I grew up with a terrible fear of holidays. No one ever knew what to expect, least of all the children who were pulled in so many different directions. The only happy memories are those spent with my grandparents and aunt. But as the holidays are approaching this year, I can’t help but reflect on those days of my childhood. This usually lulls on a deep state of depression as I muddle through looking for the light at the end of the proverbial tunnel. The new me doesn’t want to be sucked into the self-pity, but the child in me that still exists wants to have that TV Christmas where everything ends with harmony, even if a pack of dogs ate the turkey and I almost shot my eye out.
Thanksgiving was the worst. In school we spent so much time learning about pilgrims and how they were thankful to God for all their bounty despite the hard times they’ve had. Our teachers made us write letters, lists, draw pictures, glue words of thanks onto cornucopia showcasing of all the things we were thankful for, but my heart seldom felt thankful. Mostly, I felt emptiness and sadness, wishing and waiting, planning for my escape. At school, I just copied what other children wrote and felt a terrible sense of guilt that I often wished my mother dead. I wasn’t at all thankful for that feeling.
Invention, it must be humbly admitted, does not consist in creating out of void but out of chaos.
Every year, we went to my grandparents, and every year chaos ensued. My mother would be upset with her sister because she said she used too much salt in the mashed potatoes. My uncle bragged about their child’s report card, which in turn made my aunt very upset when it was not so good because she was supposed to have the perfect child. Our family was in constant competition to outdo each other in every aspect of life. My mother would yell at us because we spilled out milk, got our clothes dirty, or forgot to wash our hands. My grandfather would go into his bedroom to get away from it all because once the chaos ensued, it only stopped when everyone went their separate ways.
Someone always got angry and stormed out, dragging their hungry children behind them. The victors would gloat and boast over winning that match of the war that continued, and still continues to this day. The fiasco that was supposed to be a day of thanks was a family brawl, and one person whom I loved with all my heart, my granny, ended up crying. She, like me, she desired normalcy and serenity, and lived her entire life with very little of it.
But there came a time when I realized how much worse my life could have been. A girl who was about my age was abducted in my hometown. She was walking to the store with her umbrella by herself, just as I had done many times. A car pulled along side her and a man grabbed her, pulling her into the car as she kicked and screamed. Some kids witnessed it.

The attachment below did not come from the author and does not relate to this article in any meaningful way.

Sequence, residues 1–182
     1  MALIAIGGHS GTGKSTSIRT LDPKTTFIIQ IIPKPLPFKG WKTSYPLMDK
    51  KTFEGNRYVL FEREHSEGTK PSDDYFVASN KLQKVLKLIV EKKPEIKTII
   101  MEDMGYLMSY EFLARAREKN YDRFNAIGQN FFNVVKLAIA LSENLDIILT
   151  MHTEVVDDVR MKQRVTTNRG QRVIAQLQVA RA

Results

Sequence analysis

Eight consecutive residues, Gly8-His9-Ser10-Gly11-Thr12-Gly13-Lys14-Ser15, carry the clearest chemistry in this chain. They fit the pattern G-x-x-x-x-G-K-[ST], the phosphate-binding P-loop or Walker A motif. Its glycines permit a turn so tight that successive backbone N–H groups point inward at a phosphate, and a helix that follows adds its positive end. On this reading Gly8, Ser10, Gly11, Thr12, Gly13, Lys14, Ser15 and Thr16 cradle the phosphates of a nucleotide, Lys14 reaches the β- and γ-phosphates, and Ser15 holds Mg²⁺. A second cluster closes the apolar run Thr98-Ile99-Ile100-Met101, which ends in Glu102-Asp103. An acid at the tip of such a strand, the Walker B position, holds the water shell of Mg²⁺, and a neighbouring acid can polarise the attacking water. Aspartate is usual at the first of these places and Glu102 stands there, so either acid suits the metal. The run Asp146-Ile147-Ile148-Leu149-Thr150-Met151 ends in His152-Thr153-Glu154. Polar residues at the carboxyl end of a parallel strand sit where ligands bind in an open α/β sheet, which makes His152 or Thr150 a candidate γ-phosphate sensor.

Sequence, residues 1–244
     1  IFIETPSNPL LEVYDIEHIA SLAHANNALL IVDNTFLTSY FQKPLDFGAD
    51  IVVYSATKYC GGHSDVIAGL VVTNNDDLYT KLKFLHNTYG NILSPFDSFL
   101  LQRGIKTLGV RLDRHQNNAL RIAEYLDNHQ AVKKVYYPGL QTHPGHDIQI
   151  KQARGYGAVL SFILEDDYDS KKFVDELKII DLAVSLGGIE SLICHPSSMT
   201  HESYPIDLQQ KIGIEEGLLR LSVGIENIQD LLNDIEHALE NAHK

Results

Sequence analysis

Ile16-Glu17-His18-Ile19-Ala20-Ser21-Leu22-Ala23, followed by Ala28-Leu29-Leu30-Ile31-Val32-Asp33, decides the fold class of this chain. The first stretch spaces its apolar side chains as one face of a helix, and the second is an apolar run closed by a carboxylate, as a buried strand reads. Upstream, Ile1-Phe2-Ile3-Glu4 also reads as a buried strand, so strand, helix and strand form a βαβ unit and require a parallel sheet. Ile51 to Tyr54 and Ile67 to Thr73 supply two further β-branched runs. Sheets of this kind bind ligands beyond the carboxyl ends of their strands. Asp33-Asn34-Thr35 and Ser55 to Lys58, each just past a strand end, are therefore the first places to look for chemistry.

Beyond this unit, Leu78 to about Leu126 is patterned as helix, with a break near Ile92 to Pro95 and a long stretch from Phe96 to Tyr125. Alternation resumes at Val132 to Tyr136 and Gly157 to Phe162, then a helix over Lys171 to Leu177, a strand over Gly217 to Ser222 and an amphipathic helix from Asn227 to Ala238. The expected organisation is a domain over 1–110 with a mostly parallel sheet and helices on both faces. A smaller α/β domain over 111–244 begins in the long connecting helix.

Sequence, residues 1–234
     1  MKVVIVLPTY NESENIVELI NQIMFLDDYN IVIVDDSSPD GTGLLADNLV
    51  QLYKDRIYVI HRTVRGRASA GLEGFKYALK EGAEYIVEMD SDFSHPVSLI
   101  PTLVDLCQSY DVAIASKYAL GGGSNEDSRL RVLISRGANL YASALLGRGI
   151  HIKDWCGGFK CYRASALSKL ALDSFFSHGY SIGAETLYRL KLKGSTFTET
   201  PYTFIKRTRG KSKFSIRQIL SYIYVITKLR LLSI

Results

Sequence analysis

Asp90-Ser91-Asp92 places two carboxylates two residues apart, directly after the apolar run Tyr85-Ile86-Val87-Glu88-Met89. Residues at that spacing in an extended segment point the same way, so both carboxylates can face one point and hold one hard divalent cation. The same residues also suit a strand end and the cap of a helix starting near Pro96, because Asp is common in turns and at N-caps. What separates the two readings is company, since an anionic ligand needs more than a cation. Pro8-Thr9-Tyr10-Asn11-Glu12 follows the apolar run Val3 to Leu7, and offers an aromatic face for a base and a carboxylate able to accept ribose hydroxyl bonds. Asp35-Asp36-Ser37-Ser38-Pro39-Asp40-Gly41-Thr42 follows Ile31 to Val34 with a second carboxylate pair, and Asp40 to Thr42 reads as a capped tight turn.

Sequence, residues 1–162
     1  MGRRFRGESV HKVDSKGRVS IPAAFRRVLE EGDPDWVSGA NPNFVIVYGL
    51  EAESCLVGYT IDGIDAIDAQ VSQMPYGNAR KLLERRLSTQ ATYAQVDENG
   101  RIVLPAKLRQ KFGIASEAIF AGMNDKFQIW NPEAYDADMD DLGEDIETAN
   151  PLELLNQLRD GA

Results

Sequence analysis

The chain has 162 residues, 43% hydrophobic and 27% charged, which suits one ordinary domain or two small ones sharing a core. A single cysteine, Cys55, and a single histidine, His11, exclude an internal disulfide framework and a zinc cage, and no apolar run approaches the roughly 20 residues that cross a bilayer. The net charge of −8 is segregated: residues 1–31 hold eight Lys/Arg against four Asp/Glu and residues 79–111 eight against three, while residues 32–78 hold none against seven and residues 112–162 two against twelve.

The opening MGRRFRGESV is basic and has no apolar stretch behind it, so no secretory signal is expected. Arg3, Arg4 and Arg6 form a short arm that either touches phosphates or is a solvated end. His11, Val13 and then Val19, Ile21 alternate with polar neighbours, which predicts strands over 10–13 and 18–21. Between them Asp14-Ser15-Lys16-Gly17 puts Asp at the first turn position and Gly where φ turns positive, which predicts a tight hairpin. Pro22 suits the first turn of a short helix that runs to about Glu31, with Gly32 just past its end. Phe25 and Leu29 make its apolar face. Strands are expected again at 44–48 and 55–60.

Although I often wished that my mother would have given away, I felt safer in my own home; the home of chaos and confusion; the home where I was abused, neglected, molested, and betrayed by my own mother. Yet, I’d rather live in that hell than discover a new one. I spent a great deal of time worrying about this girl as I saw her face on the news every night and heard her crying parents plea for her safe return. I wondered, if that happened to me, how my mother would react. I wondered how long it would take for her to realize I was even gone. It made my existence seemed even more minute that ever.
I started feeling gratitude for my life when I knew that, although it was a very scary place, it was familiar. In the past, I was thankful for the kindness that I was shown from time to time, like when my step-father bought me a bicycle when he was high. He bought it with drug money that he was supposed to give to his suppliers, a detail I discovered much later in life. Another time that I felt grateful was when my mother was too tired to yell at me because I had pushed my brother off the swing. That was a blessing in disguise for me. But even in retrospect, the gratefulness I experienced does not seem genuine for those things.
I recently read a book about Jaycee Lee Dugard and her abduction which led to eighteen years in captivity. Her veracity was inspiring, yet she had endured a chaos unfathomable. Her reliance of spirit made me ashamed of the self-pity I had been wallowing in. In comparing my life with someone in similar or worse situation not only makes me grateful for what I have, it also helps me understand why I do the things I do. I not only learned sincere gratitude from the disappearance of a little girl who was the same age as me, I learned a great deal about empathy. I became thankful to simply be alive, even when I was in the abuse. That poor nameless child, walking to the store with her bright red umbrella, would have gladly changed places with me but never could, for she died at the hand of her abductor and abuser. Even though I suffered, there were times that I lived, and lived well. Those times can not go unrecognized.
The English writer, John Rushkin, once said, “Out of suffering comes the serious mind; out of salvation, the grateful heart; out of endurance, fortitude; out of deliverance, faith.” My resolution comes from my suffering at the hands of people who were supposed to protect me. True gratitude comes with my emancipation. I am free of the bonds of neglect and abuse that tied me to those people. But I am not entirely free of the effects of their actions. The continuity of my metamorphosis has begun, but where does that leave me at this very moment? It leaves me with the gratitude that were it not for the malfeasance that I endured, I would not be who I am today. There are facets of my life in which I am vastly proud. Those attributes were conceived entirely by me and not by my parents. The lengthy process of change is ensuing instead of chaos. And for that I give many thanks.